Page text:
Guest Essay

All In Your Privacy: What Your Privacy Policy Should Entail

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Have you ever taken a second to look around and notice your surroundings? How many people can you spot immersed in their mobile devices, tablets, or laptops? While you’re at it, go ahead and count yourself because you’re currently reading this article using one of those devices. Technology has become such an integral part of our daily lives that the average person spends roughly seven hours looking at a screen each day. Now what you may or may not realize is that the amount of personal information being collected and/or even stored during that time of screen use, is approximately 2.5 quintillion bytes. That’s a lot of your personal data that you may not know how or for what purpose it is being utilized. 

Conversely, more and more consumers are consciously choosing which businesses they decide to engage with online based on the company’s data collection practices. This is where an effective privacy policy comes in to play. Before you can mention it, if your business has an online presence or collects payments online or tracks consumer data in any form (hey Google Analytics), then this article is for you, and it is critical that your organization has an effective privacy policy in place. 

Generally, a privacy policy is a binding and enforceable statement of a company’s practices regarding how they use, collect, store, and share consumer data. While these policies are binding and enforceable, individual plaintiffs are typically unsuccessful in their breach of contract claims stemming from privacy policy non-compliance. So why is it so hard for these plaintiffs to prevail in such cause of actions? The answer is that traditional legal theories do not adequately address privacy related issues, specifically because the injury sustained from privacy claims are so intangible, unlike other legal doctrines where the injuries are concrete. Because of this, it is almost impossible for a plaintiff to prove damages to ultimately prevail.1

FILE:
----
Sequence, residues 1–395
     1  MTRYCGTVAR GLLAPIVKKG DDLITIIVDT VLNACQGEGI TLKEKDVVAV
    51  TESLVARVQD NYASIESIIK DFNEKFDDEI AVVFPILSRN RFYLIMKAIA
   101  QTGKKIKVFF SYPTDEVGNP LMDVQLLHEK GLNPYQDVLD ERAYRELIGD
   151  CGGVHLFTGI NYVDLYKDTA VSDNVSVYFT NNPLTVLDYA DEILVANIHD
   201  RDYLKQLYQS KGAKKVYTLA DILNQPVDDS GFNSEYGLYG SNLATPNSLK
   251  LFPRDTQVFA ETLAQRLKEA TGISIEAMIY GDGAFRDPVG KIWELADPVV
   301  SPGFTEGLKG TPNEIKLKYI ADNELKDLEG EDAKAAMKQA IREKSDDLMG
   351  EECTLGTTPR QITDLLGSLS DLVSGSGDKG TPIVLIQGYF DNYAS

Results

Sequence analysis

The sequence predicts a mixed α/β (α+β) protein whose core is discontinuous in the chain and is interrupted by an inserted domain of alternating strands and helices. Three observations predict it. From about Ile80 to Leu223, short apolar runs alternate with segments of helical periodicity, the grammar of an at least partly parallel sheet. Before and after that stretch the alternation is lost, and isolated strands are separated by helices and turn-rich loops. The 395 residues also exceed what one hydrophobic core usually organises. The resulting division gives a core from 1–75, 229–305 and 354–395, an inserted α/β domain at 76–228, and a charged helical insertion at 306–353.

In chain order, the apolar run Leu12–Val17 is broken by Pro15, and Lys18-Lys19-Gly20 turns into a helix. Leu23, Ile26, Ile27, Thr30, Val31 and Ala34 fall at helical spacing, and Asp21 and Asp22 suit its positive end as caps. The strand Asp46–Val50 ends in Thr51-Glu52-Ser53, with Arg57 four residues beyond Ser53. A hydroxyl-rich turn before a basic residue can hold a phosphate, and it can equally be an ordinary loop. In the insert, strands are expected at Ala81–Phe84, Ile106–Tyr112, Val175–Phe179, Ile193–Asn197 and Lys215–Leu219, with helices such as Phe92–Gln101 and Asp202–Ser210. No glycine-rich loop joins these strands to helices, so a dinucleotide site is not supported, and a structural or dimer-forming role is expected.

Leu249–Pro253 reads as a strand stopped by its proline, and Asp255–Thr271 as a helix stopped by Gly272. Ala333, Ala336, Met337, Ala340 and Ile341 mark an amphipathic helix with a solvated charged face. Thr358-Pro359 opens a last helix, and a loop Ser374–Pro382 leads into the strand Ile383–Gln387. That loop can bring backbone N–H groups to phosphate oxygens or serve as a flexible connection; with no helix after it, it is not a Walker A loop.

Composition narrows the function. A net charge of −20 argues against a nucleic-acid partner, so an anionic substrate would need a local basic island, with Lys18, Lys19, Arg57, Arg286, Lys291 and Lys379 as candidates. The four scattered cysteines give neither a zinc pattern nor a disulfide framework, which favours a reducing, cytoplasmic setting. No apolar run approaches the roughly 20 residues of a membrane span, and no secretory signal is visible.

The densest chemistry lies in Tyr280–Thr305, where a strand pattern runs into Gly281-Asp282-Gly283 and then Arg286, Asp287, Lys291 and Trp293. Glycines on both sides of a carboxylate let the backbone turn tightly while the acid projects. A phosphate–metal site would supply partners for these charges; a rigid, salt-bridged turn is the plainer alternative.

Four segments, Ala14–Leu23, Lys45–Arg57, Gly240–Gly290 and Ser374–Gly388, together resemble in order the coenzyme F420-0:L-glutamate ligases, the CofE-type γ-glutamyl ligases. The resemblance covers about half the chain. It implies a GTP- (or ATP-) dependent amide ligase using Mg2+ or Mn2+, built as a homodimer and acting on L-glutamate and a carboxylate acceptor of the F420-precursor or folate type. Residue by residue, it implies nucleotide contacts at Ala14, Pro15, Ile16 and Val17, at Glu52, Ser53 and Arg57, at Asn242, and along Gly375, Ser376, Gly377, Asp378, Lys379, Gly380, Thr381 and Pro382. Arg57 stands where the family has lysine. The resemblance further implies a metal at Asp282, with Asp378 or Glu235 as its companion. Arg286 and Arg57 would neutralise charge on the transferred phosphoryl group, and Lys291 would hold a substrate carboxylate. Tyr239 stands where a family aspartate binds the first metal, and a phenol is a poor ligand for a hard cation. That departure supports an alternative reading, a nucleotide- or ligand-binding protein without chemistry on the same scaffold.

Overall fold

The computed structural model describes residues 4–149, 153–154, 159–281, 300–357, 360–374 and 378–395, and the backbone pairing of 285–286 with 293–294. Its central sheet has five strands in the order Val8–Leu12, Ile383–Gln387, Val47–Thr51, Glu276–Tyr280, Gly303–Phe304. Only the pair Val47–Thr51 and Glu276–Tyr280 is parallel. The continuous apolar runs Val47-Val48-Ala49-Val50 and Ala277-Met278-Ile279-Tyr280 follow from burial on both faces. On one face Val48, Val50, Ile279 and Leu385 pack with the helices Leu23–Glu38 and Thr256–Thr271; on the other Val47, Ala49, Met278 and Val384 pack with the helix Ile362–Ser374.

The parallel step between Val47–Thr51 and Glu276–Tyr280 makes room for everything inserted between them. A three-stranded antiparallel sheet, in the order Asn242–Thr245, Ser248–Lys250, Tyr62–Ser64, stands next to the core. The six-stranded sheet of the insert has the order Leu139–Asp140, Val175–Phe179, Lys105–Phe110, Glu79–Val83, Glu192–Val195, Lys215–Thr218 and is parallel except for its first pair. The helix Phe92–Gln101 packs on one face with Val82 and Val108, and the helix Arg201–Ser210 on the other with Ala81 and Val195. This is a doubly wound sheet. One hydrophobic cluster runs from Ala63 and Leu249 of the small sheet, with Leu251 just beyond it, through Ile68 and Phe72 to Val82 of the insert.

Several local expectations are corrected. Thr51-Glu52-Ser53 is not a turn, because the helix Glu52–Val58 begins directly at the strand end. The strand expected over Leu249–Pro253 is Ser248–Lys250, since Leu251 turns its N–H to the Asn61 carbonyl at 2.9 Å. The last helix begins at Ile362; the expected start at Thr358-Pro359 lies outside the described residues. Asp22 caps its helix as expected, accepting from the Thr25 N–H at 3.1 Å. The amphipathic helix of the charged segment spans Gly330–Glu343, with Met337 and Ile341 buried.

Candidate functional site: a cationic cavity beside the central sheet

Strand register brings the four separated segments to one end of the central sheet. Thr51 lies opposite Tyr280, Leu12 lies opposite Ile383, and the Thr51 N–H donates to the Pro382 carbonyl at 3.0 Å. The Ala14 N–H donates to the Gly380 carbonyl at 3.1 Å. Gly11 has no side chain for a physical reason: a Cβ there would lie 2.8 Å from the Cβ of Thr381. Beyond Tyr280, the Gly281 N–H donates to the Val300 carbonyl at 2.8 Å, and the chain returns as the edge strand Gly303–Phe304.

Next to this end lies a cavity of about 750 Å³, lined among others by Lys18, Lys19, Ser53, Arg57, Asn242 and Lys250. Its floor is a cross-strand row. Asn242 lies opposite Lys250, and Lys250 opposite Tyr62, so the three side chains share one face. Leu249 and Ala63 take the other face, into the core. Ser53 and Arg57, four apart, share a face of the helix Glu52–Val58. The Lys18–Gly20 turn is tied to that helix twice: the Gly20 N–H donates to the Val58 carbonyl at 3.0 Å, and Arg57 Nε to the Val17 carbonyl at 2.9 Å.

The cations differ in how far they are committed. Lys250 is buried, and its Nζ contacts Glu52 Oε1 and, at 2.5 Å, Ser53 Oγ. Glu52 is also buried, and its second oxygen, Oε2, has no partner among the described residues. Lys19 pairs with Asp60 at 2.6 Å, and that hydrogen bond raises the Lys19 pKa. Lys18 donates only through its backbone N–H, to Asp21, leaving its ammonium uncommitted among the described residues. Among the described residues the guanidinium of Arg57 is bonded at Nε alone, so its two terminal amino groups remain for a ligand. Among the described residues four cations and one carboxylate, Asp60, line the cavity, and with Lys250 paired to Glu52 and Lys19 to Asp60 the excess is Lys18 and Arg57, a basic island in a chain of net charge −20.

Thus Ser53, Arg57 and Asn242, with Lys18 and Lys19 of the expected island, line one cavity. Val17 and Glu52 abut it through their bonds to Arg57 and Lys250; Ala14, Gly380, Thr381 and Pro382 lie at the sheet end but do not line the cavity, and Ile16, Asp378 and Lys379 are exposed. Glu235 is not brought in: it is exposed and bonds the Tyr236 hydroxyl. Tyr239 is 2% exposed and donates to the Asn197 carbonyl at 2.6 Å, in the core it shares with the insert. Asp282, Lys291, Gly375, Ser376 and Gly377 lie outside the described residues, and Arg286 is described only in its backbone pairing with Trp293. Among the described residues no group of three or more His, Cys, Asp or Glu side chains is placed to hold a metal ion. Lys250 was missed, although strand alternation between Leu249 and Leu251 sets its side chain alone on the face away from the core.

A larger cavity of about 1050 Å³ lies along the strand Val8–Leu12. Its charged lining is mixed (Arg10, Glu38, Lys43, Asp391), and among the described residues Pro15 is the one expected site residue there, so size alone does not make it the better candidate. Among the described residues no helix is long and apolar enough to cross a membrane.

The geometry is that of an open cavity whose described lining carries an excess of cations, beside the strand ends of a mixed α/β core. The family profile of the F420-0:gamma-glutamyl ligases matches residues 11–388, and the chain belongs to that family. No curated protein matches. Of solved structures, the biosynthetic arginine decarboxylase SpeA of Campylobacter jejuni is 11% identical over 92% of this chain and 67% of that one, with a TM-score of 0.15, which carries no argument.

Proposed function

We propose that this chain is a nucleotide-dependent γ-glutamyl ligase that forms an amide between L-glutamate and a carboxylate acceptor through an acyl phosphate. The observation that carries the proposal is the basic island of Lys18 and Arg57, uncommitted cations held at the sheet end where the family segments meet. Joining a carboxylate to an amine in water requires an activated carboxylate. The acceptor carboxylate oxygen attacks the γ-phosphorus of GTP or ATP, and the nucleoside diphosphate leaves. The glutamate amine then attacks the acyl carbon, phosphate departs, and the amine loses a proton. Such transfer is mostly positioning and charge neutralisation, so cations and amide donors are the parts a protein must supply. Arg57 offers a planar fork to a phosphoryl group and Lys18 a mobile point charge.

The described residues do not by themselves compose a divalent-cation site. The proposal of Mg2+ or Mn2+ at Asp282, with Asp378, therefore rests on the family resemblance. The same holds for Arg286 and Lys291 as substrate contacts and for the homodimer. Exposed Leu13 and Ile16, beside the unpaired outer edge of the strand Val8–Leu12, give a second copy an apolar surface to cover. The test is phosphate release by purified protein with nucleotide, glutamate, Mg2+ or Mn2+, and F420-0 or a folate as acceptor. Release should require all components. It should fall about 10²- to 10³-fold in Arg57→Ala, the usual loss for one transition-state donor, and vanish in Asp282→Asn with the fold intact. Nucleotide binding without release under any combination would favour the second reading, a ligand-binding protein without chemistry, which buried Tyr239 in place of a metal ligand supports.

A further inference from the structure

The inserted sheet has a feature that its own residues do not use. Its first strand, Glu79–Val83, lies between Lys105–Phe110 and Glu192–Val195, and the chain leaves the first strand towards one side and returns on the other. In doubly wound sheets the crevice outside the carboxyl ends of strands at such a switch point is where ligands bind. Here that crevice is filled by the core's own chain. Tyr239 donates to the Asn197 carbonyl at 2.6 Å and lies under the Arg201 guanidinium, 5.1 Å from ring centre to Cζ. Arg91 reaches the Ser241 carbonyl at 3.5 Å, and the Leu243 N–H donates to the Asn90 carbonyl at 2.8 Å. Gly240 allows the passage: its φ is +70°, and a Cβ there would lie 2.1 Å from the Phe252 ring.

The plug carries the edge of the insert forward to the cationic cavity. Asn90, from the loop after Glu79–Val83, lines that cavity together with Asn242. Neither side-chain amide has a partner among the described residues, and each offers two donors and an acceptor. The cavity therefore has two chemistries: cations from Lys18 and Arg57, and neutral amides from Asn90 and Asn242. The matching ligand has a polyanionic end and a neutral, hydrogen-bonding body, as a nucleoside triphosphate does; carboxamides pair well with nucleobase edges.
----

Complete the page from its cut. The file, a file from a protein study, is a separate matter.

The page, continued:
However, in recent years the Federal Trade Commission (FTC) has championed the cause of enforcing such privacy policy actions. Particularly, these FTC suits tend to arise most frequently when companies misrepresent their privacy practices based upon the terms of their privacy policies. A number of these claims could have been avoided if those companies had more clear and concise terms and if they simply kept their privacy policy updated, but we will discuss more on this later. This is why it is not only imperative to have an iron-clad privacy policy in place, but also to ensure that the company remains compliant with the practices set forth within their policy. 

Currently, the United States does not have any uniform data privacy laws. Instead, there are numerous federal laws that govern specific industry sectors pertaining to data privacy, but there is no significant piece of federal legislation that encapsulates this area as a whole. Meanwhile, there has been a steady rise of state legislation targeting privacy laws that have been enacted within the past two decades. The most notable being the California Consumer Privacy Act (CCPA), which has been the catalyst for other states to enact their own privacy laws. With new and emergent technologies being introduced into today’s society and as we move further into the digital age, you can expect more and more states to follow suit with similar data privacy regulations as well.